Having one copy of the sickle cell gene may help protect you from a malaria infection. But two copies of the gene may increase your risk of death from malaria.
Malaria is a potentially life threatening condition. Mosquitoes infected with a parasite called Plasmodium transmit malaria through their bites.
When an infected mosquito bites you, it releases the Plasmodium parasites into your bloodstream. They infect and damage your red blood cells (RBCs), which causes dangerous malaria symptoms.
Over time, some RBC conditions have evolved to protect against malaria. Sickle cell trait (SCT) is one such condition. It arises from a gene mutation for hemoglobin, the oxygen-carrying component of RBCs. But the same protection does not exist for people with sickle cell disease (SCD), those with two copies of the gene mutation.
Keep reading to learn about the unique link between malaria, sickle cell, and other RBC conditions.
Scientists first proposed a link between sickle cell and malaria in the late 1940s. They noticed that parts of the world with high rates of malaria overlapped with those with a high likelihood of sickle cell mutations.
Doctors noticed that people with hemoglobin sickle cell mutations could clear malaria parasites from their bodies much faster than those without these mutations. Why? Scientists are still working on piecing together the exact mechanism, but they have identified several key steps:
- Sickle cell mutations in hemoglobin make RBCs sickle-shaped. This causes them to be ineffective in doing their job of carrying blood oxygen. If you have these mutations, your body is used to detecting and destroying misshapen RBCs.
- When the malaria parasite enters your body, it infects RBCs. Sickle-shaped RBCs create a very hostile environment for the parasite’s growth, partially due to low oxygen levels.
- Decreased parasite growth may allow more time for the immune system to react and destroy the infected RBCs.
Sickle cell trait: A balanced polymorphism
Sickle cell conditions are a classic example of balanced polymorphism.
In humans, each gene contains two copies (alleles), one inherited from each parent. Mutations can affect one allele or both. In some genetic conditions, like SCD, these mutations can have a detrimental effect.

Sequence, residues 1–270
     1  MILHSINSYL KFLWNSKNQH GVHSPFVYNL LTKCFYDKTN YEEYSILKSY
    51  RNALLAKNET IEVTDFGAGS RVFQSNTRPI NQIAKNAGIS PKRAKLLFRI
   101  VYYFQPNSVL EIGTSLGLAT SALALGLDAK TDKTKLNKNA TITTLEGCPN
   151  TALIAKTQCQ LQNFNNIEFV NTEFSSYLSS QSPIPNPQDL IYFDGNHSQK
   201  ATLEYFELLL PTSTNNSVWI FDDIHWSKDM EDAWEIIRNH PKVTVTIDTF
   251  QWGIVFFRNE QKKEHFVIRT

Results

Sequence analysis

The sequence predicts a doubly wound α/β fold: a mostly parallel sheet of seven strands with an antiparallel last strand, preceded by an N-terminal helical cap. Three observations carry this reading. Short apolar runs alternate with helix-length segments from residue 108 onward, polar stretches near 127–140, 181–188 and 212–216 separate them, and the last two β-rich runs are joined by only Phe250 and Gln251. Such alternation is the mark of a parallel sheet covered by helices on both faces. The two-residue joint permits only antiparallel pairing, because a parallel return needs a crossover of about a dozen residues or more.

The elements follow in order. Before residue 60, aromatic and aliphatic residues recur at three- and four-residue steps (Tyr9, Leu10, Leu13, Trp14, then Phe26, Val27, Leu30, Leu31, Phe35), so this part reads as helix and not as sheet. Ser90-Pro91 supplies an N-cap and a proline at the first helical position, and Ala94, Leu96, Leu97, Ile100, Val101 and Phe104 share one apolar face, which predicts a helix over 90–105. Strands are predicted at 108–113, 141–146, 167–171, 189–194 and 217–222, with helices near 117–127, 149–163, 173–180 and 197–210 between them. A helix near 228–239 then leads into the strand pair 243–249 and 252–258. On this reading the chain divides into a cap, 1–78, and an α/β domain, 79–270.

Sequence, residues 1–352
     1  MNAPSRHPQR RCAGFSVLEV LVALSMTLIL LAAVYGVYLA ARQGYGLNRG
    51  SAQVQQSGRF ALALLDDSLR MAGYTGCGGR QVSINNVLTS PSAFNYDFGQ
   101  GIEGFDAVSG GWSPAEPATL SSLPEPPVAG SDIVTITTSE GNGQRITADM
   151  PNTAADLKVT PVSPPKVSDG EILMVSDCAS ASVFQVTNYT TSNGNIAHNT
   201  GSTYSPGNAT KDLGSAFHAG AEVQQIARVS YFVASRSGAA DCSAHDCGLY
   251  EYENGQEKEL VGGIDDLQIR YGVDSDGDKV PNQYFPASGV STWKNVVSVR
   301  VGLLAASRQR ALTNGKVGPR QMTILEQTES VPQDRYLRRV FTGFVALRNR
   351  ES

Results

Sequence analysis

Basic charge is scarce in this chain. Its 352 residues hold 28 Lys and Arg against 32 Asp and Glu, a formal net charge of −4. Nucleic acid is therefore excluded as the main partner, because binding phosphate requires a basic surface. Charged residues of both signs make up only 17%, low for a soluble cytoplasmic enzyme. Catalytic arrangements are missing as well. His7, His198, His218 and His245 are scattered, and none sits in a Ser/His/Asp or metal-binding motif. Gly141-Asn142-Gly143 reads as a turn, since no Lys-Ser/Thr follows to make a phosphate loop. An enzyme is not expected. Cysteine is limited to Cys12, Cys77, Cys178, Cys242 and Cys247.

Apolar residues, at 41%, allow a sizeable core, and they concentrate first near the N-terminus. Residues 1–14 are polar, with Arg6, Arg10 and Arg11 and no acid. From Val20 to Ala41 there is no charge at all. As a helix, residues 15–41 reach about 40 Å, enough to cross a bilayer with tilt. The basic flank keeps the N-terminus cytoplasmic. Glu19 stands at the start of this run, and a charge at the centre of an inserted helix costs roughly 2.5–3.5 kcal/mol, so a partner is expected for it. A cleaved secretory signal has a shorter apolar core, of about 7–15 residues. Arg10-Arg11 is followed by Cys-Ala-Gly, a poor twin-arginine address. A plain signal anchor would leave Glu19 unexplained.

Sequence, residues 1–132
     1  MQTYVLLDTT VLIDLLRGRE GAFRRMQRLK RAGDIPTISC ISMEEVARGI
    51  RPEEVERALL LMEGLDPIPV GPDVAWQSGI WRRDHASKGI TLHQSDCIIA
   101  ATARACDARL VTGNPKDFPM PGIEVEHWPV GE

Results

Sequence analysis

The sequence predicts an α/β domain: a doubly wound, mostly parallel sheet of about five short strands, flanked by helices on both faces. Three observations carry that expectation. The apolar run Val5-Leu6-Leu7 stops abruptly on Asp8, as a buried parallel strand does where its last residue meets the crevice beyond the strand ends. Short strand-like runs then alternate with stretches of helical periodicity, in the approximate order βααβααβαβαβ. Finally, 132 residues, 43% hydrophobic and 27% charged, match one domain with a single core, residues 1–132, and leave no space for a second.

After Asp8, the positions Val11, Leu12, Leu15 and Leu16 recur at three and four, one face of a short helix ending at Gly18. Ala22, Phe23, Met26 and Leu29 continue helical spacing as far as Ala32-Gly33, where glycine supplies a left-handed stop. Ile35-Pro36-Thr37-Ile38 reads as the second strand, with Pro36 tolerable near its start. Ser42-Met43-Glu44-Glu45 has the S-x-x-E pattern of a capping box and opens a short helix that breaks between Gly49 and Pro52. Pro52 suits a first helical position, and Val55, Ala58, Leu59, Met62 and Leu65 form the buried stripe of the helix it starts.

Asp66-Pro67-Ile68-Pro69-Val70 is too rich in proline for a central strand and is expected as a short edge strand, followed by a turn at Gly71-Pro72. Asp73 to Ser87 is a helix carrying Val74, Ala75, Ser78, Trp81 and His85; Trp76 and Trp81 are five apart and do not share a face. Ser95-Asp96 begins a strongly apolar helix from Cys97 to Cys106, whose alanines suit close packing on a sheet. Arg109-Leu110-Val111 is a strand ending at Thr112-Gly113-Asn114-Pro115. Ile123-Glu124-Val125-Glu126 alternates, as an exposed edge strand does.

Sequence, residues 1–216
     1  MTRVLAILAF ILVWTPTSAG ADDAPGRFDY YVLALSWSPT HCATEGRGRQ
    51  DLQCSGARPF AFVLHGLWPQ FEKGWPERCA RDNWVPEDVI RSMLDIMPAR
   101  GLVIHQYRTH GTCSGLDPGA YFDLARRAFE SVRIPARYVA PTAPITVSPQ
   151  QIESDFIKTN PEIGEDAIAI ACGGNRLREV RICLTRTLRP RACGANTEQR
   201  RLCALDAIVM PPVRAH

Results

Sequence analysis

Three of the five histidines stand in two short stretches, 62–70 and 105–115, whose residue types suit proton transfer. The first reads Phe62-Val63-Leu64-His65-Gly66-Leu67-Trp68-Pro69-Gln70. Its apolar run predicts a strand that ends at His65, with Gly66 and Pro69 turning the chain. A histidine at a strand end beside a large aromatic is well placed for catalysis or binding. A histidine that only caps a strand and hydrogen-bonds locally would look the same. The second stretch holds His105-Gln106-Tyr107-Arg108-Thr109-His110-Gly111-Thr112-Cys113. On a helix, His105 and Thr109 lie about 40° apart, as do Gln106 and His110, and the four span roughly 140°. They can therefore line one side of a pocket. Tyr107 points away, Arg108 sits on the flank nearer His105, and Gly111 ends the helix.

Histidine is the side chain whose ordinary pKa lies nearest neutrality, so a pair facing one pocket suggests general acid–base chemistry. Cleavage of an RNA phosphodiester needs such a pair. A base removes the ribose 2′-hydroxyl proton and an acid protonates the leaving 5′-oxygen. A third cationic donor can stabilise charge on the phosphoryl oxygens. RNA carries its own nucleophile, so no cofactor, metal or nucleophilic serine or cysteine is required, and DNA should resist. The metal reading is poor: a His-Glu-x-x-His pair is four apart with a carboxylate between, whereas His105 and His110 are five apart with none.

When both copies of a gene are affected, this causes you to have a dangerous, often life threatening condition. But if only one copy is affected, it sometimes can create a certain health benefit. This situation is called balanced polymorphism.
When it comes to sickle cell conditions, one affected copy is responsible for SCT, which protects against malaria. If both copies are affected, this results in SCD, a dangerous blood disorder.
Having different copies of the gene may give you a survival advantage in regions where malaria is common. This allows the affected gene to continue being more common in a community.
People with SCT have one copy of a faulty hemoglobin gene, inherited from one of their parents. They don’t develop SCD, but they are carriers for the gene that causes the condition.
Having SCT does protect against malaria. In fact, according to the CDC, SCT provides
The mechanism by which SCT protects against malaria may also work in people with SCD. However, the risks associated with having SCD far outweigh this benefit.
People with sickle cell anemia (SCA), the most severe form of SCD, can often have a
A sickle cell crisis due to malaria can result in:
- more severe anemia
- hypoxia (not enough oxygen in your body tissue)
- lactic acidosis
- renal failure
SCD may prevent your spleen from working as well as it should. Your spleen helps you clear infections. A dysfunctional spleen could
Results from a
Thalassemia is a group of genetic disorders that also affect your hemoglobin. People with thalassemia have a mutation in one or both copies of their alpha-globin genes (in alpha-thalassemia) or beta-globin genes (in beta-thalassemia). Alpha-globins and beta-globins are subunits of hemoglobin.
Thalassemias are highly common in Southeast Asia, where malaria is also common.
According to a
Up until recently, there was no vaccine to prevent malaria. But in 2021, the
If you need to travel to an area with high occurrences of malaria, consult a doctor before the trip. It’s best to do this at least 4 to 6 weeks before you travel. Your doctor may prescribe you medication to reduce your risk of getting malaria.
If you travel or live in an area where malaria is common, be sure to do the following:
- Regularly take any antimalarial medication a doctor prescribes.
- Use insect repellent on your skin. Make sure it contains at least 50% DEET.
- Sleep under mosquito nets treated with insecticide.
- Wear long-sleeved shirts and pants that cover your arms and legs at night, when mosquitoes are most active.
If you’re not sure if malaria is common where you plan to travel, the CDC has an
Both malaria and SCD are dangerous conditions that affect your RBCs. Malaria is an infectious condition you get from mosquito bites, but SCD is an inheritable genetic disorder.
Over time, SCT has evolved to protect against severe malaria infection. SCD may offer some protection against malaria as well, but the risks and complications of the disease itself outweigh this benefit.
Whether you have SCT or SCD, be sure to follow malaria prevention strategies if you live or travel in an area with high occurrences of malaria.